Damon told The Key that what draws him to Northern Liberties is not just the music but also Justin Duerr’s lyrics that touch on the spiritual and mystical. In fact when Damon first listened to the band’s debut Erode + Disappear — an album which includes references to Gnostic creation myths — it just so happened to be at the same time he was researching early Christian mysticism.

“They go into a a bunch of weird territory that pretty much no other contemporary punk band were willing to go into,” he said. “There are these moments when you’re young and you’re first exploring counterculture and underground music and you feel like you’re being let in on this big secret, that there’s only a small group of people that are being initiated into these mysteries, but Northern Liberties has this aesthetic that makes you feel like you’re being brought into some sort of mystery that very few people know about time and time again.”

Because Northern Liberties started at the halfway point of Eulogy’s 1997 – 2003 existence, it was in someways a retort to that band’s more self-destructive tendencies. Not to say that Northern Liberties doesn’t embrace the chaos, because everyone in the band would tell you unequivocally that they do (albeit with a smile on their face). It’s more that they use it to their advantage rather than stepping directly into the whirlwind and seeing where it takes them.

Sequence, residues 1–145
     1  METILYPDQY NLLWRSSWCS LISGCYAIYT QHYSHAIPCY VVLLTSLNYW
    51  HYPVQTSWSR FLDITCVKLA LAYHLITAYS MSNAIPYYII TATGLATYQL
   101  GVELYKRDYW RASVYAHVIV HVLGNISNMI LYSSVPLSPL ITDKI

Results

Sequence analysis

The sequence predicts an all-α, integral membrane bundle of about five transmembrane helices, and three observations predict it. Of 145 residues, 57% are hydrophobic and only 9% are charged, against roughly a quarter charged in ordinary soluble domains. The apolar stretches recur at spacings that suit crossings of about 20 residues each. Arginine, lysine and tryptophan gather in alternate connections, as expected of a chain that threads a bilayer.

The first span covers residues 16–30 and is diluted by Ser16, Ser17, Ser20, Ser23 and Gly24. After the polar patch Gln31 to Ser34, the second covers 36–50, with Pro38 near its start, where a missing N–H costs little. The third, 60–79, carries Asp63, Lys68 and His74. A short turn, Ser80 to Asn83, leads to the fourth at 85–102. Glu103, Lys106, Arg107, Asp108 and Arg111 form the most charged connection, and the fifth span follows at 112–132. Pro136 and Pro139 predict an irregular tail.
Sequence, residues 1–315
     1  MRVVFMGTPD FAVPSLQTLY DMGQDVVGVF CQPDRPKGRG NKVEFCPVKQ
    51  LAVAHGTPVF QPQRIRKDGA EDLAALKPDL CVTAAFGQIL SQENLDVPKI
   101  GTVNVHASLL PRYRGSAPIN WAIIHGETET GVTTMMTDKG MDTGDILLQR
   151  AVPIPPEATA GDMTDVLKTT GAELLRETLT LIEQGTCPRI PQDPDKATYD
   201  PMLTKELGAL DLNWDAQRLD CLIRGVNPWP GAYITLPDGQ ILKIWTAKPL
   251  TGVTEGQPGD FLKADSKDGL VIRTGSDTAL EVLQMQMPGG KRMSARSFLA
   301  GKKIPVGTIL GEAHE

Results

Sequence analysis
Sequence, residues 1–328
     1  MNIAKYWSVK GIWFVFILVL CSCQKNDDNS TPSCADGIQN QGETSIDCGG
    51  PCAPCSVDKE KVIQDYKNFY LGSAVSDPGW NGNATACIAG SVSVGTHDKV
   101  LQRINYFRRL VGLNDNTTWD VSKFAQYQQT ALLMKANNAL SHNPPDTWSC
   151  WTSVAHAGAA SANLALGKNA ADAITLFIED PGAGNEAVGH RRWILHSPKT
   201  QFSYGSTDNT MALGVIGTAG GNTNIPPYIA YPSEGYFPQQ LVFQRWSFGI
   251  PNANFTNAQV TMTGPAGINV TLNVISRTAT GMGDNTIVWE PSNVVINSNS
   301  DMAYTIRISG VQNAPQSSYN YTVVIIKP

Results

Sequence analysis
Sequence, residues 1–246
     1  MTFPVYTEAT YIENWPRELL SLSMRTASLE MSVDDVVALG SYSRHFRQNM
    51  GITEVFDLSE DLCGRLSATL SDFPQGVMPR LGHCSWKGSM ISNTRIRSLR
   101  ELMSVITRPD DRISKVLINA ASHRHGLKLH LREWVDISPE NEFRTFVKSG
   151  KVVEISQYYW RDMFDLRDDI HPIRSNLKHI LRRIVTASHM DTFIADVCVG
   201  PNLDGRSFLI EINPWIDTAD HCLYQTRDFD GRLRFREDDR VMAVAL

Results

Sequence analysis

While Riley told The Key that it “honestly baffles” him that anyone would want to listen to his music at home; “I do think the spectacle of the live performance is interesting and when people are engaged in that or have a good time at the show that makes perfect sense to me. It’s chaotic, it’s doing things that are slightly outside of the format that people are used to.”